On the eve of International Women’s Day, I had the opportunity to attend a screening of the film “Pray the Devil Back to Hell” hosted by our friends at CARE. This bold film is the first in “Women, War and Peace,” a special five-part series on PBS that challenges the conventional wisdom that war and peace are men’s domain.
“Pray the Devil Back to Hell” tells the story of Liberian women unified to restore peace once again to their country by fashioning gallant demonstrations and assembling communal prayer. Their reconciliation efforts were directed toward the violent warlords and Charles Taylor’s corrupt regime, which had inflicted grievances on Liberia for several years.
A notable leader in the Woman in Peace building Network (WIPNET) was Leymah Gbowee, recipient of the 2011 Nobel Peace Prize alongside Ellen Johnson Sirleaf and Tawakkul Karman. Under the leadership of Leymah, WIPNET forced a meeting with Charles Taylor, further compelling him to attend peace talks in Ghana. As a result, Leymah and her gang of wives and mothers pressured the leaders of the Ghana peace negotiations to arrive at quick and just conclusions.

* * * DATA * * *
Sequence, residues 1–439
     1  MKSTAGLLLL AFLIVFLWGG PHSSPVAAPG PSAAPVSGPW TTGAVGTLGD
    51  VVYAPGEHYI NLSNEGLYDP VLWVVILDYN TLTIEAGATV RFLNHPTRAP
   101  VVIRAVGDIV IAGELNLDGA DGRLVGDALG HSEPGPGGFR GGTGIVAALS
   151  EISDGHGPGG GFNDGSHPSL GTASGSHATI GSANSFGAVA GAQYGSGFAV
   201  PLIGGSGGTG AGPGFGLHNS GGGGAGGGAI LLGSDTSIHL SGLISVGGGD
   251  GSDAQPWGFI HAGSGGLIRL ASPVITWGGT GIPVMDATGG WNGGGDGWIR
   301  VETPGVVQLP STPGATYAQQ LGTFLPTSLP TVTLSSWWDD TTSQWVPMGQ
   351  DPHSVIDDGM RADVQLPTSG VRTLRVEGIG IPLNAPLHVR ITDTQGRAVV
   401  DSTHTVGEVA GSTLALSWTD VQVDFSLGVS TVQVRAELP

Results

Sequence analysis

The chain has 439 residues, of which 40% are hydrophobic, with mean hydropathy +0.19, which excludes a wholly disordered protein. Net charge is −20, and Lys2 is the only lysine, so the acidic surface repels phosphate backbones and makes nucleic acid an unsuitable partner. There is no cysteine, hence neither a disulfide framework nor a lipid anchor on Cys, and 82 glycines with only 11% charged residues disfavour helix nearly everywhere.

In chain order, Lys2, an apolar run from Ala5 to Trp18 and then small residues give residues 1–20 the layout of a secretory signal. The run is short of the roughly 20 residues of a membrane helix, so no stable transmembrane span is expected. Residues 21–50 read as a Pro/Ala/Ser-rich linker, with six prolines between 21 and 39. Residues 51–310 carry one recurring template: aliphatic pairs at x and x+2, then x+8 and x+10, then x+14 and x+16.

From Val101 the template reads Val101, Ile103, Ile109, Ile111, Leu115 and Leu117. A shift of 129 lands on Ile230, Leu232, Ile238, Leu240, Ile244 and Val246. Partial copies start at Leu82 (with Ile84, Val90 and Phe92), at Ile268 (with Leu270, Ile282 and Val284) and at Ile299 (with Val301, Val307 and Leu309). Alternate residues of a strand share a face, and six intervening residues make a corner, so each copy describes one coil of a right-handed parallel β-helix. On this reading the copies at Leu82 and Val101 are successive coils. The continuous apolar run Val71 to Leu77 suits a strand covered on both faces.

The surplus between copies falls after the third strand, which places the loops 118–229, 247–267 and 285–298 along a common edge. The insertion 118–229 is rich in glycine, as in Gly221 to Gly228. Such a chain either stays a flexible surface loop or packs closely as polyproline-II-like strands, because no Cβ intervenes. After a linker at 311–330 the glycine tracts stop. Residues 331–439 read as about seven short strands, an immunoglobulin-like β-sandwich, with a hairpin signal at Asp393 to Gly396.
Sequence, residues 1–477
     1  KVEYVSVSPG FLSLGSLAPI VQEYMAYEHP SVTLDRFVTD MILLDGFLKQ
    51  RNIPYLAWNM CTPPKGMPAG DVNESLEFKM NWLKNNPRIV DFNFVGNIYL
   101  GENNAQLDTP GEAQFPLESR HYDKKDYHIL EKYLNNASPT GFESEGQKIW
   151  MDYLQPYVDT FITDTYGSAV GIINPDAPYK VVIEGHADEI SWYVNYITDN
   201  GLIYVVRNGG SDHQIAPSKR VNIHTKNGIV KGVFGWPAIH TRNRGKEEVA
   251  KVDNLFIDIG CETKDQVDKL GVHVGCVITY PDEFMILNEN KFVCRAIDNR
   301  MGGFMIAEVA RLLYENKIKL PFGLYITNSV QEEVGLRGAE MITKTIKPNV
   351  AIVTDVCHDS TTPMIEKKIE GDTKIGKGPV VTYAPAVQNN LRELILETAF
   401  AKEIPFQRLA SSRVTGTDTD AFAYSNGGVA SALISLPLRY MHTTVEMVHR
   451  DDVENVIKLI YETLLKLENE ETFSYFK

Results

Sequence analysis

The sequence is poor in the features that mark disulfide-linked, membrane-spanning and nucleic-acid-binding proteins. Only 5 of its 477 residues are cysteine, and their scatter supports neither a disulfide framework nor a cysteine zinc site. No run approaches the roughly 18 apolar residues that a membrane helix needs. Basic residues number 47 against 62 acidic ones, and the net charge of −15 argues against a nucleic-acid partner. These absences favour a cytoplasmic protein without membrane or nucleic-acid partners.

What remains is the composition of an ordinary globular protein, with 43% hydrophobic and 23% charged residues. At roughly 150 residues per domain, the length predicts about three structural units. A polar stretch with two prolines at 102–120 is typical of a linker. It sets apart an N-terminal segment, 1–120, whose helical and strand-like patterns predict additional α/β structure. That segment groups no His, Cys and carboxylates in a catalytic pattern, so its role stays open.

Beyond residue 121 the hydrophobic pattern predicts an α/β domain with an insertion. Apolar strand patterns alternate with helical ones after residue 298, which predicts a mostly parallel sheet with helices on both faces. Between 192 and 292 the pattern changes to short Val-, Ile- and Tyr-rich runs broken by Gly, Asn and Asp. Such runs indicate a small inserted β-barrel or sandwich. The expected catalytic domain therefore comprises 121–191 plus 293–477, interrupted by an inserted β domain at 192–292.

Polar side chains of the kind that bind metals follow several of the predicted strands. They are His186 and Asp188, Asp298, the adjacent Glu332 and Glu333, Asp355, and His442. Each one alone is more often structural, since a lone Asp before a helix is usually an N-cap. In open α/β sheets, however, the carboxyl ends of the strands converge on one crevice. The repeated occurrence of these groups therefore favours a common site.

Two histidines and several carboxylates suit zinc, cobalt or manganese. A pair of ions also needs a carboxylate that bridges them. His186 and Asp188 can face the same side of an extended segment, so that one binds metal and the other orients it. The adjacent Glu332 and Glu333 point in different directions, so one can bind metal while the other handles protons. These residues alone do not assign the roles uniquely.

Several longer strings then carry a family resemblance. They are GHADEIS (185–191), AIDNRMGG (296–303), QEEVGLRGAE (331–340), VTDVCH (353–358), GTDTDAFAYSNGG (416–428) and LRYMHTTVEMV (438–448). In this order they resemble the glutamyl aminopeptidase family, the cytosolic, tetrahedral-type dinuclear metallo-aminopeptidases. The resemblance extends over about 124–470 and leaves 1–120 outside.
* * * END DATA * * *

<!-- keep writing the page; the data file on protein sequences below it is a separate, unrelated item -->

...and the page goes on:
The demonstrations of these women led to the exile of Charles Taylor and paved the way for the election of Ellen Johnson Sirleaf, Africa’s first female head of state. The courage of the Liberian women set the stage for women taking control of political outcomes, and they are evidence that nonviolent resistance can succeed.
Shayne Moore, a longtime ONE member and ONE Mom, had the chance to interview the director of the film, Abby Disney, after the screening. In her interview, Abby describes the filming process as experiencing a fleet of women, young and old, Christian and Muslim, rising up in a collective voice and network to combat the atrocities in their country with incredible courage and imagination. Check out more of the interview here: